The oddity lies in the fact that Mr Corbyn says he does not approve of the actions of bin Laden or Isis, that he only called Hezbollah “friends” as a peace gesture, and that even though he invited Sinn Fein/IRA to parliament he doesn’t support IRA bombing.

This leads his supporters to suggest that the quotes are smears. But they aren’t. He wasn’t caught saying these things in private. He said them deliberately and the record is quite clear.

The solution to this apparent puzzle — that Mr Corbyn talks sympathetically about people whose actions he says he is against — lies in the Horowitz story. Mr Corbyn is a new-left anti-imperialist of the same sort as the 1960s activists.

He regards the violence of organisations such as Hezbollah and the IRA as a bad thing. He is able to say therefore that he disapproves of it. That he does not condone it. What he never says, however, is that the violence is clearly their fault.

The reason he does not say this is that he does not think it. The new- left anti-imperialist idea is that the origins of all violent movements is the adventurism of Britain and the United States, oppressing less well-off people in order to defend the interests of global capitalism. The murders of al-Qaeda or the IRA are the actions of liberation movements, who, whatever one may think of them, are just fighting back.

The most interesting part of Mr Corbyn’s quote about bin Laden’s death was, actually, not so much that he called that event a tragedy. It is that he used the exact same word about 9/11. “The World Trade Center was a tragedy.” Not an outrage, not a heinous act. A tragedy. This was not a word employed by accident.

He used it because he thinks that al-Qaeda are not properly to be regarded as the sole authors of their aggression. And that the IRA are not fully responsible for their bombing. Ditto Hamas.

Just as with Horowitz’s new left, this position has two problems. The first is that this characterisation of British and American foreign policy is grotesque. It is not necessary to believe either country is morally blameless in order to agree that both have been the front line of the defence of liberty against oppression for a hundred years.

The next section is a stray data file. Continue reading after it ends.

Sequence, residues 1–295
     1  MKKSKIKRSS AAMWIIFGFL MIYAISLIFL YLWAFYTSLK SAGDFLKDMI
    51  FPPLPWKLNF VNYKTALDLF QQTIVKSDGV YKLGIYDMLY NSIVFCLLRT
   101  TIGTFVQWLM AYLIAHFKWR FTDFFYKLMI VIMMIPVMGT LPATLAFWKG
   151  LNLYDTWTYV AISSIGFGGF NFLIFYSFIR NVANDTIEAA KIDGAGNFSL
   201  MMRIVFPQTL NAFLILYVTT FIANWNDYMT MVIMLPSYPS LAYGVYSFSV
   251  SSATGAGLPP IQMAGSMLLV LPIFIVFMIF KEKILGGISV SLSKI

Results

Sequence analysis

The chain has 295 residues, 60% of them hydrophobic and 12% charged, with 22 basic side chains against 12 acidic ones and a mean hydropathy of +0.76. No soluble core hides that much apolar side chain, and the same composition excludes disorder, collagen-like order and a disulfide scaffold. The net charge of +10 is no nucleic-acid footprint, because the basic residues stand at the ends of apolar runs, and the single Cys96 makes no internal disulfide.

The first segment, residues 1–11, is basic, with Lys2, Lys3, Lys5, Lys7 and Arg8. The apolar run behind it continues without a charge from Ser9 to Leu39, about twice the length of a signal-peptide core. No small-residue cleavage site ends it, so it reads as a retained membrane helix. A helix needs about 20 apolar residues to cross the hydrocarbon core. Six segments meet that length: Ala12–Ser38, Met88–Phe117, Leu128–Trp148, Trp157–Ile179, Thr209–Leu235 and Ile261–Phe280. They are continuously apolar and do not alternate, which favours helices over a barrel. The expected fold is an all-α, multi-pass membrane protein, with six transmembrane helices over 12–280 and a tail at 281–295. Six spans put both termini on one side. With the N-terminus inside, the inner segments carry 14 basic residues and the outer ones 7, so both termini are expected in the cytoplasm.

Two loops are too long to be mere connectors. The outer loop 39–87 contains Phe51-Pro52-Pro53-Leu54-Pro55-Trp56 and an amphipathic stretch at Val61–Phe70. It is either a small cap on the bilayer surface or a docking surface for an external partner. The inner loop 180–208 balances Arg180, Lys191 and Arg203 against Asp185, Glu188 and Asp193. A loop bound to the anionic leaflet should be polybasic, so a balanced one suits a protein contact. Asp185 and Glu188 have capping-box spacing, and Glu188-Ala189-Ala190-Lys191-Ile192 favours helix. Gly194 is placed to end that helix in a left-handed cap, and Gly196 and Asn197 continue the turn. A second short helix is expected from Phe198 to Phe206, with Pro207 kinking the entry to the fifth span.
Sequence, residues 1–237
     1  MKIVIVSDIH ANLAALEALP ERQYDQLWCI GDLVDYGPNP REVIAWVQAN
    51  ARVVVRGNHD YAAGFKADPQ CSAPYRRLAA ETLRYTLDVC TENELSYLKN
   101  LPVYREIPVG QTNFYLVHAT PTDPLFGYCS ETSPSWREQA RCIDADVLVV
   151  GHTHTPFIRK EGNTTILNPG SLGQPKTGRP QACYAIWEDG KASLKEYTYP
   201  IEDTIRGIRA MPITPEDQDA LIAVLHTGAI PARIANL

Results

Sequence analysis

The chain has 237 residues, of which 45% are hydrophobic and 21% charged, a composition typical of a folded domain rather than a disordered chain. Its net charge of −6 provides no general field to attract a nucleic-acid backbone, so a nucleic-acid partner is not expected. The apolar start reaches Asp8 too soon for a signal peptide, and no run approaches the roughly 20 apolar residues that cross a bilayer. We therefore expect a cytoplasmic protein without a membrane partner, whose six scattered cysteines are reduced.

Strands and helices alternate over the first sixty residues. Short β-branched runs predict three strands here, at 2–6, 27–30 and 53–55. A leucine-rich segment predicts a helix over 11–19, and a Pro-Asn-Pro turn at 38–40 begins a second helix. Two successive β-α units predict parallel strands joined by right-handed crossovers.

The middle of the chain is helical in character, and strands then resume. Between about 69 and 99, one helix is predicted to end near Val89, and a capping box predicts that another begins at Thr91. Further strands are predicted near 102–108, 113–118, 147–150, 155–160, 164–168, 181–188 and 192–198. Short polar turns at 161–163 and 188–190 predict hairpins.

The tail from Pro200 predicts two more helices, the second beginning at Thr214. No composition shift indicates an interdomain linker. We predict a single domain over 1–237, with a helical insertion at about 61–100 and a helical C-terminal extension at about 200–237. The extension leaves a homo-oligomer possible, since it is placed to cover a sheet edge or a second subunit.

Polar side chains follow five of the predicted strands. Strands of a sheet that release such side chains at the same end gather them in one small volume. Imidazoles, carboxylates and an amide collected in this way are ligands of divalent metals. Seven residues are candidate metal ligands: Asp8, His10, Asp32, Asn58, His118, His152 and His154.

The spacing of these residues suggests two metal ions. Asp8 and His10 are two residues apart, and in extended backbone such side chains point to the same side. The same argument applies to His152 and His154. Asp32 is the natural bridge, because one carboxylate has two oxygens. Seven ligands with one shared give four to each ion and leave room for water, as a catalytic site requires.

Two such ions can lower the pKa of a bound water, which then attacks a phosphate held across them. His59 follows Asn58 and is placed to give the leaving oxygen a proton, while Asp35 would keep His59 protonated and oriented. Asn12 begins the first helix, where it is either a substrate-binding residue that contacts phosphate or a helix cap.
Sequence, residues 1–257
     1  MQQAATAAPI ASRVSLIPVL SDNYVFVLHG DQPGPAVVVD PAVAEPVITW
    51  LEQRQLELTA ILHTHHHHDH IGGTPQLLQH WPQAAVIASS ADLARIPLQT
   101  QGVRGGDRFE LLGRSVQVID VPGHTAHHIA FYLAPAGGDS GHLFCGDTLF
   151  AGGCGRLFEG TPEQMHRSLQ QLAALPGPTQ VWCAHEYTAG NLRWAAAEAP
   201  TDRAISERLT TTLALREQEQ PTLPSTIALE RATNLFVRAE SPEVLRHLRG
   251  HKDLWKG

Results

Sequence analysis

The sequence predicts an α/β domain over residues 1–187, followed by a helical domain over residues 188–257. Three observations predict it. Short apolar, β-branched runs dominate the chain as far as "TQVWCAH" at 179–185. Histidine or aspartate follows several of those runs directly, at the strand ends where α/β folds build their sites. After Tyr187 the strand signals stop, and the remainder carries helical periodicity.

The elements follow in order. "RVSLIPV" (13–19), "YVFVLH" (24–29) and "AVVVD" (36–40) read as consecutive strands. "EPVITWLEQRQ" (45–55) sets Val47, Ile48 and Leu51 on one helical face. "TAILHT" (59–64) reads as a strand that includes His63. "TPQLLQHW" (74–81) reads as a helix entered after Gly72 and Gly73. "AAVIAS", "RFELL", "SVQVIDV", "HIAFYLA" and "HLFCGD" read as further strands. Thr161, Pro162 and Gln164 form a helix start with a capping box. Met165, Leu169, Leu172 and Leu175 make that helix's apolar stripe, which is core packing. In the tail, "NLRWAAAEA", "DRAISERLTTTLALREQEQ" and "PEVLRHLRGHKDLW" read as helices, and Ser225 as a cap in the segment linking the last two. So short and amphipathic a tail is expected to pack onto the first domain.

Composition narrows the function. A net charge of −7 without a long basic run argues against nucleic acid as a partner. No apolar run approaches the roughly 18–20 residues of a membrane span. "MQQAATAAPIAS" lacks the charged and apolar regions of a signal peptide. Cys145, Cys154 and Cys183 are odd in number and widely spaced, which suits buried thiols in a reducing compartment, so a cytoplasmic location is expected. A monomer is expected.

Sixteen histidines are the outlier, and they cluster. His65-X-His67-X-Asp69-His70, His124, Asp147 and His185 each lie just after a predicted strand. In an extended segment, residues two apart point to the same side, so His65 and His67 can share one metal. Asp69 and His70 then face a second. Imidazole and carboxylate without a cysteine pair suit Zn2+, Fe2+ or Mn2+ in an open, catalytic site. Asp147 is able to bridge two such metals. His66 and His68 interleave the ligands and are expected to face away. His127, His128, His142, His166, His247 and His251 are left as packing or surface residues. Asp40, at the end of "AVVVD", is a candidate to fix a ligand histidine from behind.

There are many severe criticisms that can be made of policy that was sometimes deeply cynical and mistaken. But taken together, over the history of the Second World War, the Cold War and beyond, I have no doubt whose side America and Britain has been on.

The second is, just as with Horowitz and the Black Panthers, the Corbyn position results in sympathetic dalliance with literally anyone who can be seen as being a liberation movement. The rocket firers of Hezbollah, the car bombers of the IRA, the suicide bombers of al-Qaeda in Iraq. Hugo Chávez. Homophobes, beheaders, antisemites.

All these become “friends” to share platforms with. People whose violence you disapprove of but also overlook — just as Horowitz did with Huey Newton — as the tragic consequence of their struggle against oppression and the result of our aggression. All they are waiting for is your hand in peace.

Until Betty Van Patter turns up dead in the water. With her head caved in with a blunt implement.

One thought on “Jeremy Corbyn – comment from Danny Finkelstein in the Times”

  1. The best & most succinct explanation of Jeremy Corbyn’s passive, apologetic stance on Hamas, anti-semitism. and IS.